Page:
For the last 150 years, vast stretches of Southern Ohio have been mined, leaving an interlocking networks of abandoned and flooded mines just below the ground. These abandoned mines are generating a toxic flow of water that is termed acid mine drainage. Spurse initiated a series of conversations between various local constituencies. Collaboratively, we developed a unique water remediation program to address acid mine drainage.
The first phase of the ongoing Entangled Citizens project was organized around a class taught at the University of Athens Ohio in 2009. The workshop brought together scientists, environmentalists, farmers, artists and cultural workers. These multiple stakeholders generated unique proposals for the treatment of acid mine drainage. From these meetings a series of large-scale grant proposal were authored and research began on a new set of water treatment facilities and cultural programming. The research proposed takes a more efficient approach to water treatment, using an engineered system with a small footprint that continuously turns toxic sludge into a useful product.
In the next phase of this project we hope to test and demonstrate a new treatment technology that will clean these waters, and in the process, produce iron paint pigment for sale. These revenue streams will offset operational costs and make the process itself sustainable and profitable. Additionally, the pigment will be utilized in a number of regional education programs that unite artistic production with a focus on ecological awareness and sustainable energy practices.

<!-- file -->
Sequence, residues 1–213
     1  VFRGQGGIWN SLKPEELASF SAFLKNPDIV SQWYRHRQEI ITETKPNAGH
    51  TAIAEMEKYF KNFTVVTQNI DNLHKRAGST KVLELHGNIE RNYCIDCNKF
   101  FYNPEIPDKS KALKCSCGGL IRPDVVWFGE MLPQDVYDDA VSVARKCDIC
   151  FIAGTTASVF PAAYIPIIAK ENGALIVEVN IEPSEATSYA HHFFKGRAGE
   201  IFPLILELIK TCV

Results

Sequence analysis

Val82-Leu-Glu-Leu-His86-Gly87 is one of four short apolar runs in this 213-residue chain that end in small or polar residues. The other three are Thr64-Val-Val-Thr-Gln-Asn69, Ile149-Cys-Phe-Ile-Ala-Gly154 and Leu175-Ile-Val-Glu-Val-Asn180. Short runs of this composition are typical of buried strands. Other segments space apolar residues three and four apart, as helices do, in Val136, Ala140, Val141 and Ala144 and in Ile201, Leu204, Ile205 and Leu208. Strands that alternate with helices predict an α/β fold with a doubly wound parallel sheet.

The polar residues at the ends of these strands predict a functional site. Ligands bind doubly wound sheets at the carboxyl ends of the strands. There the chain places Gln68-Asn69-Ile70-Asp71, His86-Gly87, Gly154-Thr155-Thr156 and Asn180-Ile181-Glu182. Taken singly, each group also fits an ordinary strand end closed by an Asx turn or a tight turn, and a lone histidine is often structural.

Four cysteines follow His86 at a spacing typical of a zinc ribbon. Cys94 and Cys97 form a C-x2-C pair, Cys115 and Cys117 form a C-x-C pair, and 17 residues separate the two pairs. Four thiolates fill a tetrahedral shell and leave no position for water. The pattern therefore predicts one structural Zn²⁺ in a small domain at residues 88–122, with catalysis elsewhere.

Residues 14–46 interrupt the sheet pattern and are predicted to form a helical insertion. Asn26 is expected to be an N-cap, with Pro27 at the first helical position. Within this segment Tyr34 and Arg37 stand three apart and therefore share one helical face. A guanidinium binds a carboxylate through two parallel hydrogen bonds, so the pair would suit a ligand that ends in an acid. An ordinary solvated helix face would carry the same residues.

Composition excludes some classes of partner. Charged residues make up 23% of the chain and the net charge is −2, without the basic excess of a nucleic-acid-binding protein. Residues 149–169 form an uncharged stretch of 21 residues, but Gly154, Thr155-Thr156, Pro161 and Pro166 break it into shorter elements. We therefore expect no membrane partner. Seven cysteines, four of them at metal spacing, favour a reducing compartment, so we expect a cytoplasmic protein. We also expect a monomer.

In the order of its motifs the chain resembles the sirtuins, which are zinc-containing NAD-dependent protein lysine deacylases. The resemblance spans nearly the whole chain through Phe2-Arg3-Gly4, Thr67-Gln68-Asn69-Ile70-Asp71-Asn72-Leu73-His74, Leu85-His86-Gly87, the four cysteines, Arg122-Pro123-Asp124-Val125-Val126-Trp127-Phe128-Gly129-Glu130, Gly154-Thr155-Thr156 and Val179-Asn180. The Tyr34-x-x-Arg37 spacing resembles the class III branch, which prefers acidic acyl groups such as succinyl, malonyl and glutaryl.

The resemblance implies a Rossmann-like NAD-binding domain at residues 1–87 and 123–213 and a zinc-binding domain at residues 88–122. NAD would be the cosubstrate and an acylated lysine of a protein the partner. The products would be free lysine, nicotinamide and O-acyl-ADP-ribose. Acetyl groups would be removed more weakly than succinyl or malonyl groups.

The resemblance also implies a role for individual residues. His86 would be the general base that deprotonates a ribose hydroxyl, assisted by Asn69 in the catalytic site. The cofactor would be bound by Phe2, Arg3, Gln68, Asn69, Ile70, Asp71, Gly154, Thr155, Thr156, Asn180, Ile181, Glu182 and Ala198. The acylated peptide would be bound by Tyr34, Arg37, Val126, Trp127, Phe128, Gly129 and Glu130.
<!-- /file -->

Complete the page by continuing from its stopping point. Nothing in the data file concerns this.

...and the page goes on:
Phase one of Entangled Citizens consisted of a series of public conversations and workshops with several different constituencies. These conversations included members of Rural Action, a regional group of independent farmers, forestry officials, environmental engineers, journalists and artists. Using systems theory, the participants produced a series of diagrams that found a common way forward that balances policy, financial interests, practicality, public health needs, ecosystem care, and water supply. The research generated from this process was used to apply for several National Science Foundation grants.
"What does it mean to be a citizen? To whom is this invitation extended? Do we envision citizens as autonomous units, or networks of relations? What practices can we develop that would allow these distributed networks to speak? This is not an abstract question or an academic exercise -- the type of problems that face us today as exemplified by acid mine drainage require new forms of thinking that rethink our very ideas of citizenship. And the results of the first round of this project show the very concrete benefits of such rethinkings." - Matthew Friday, Project Coordinator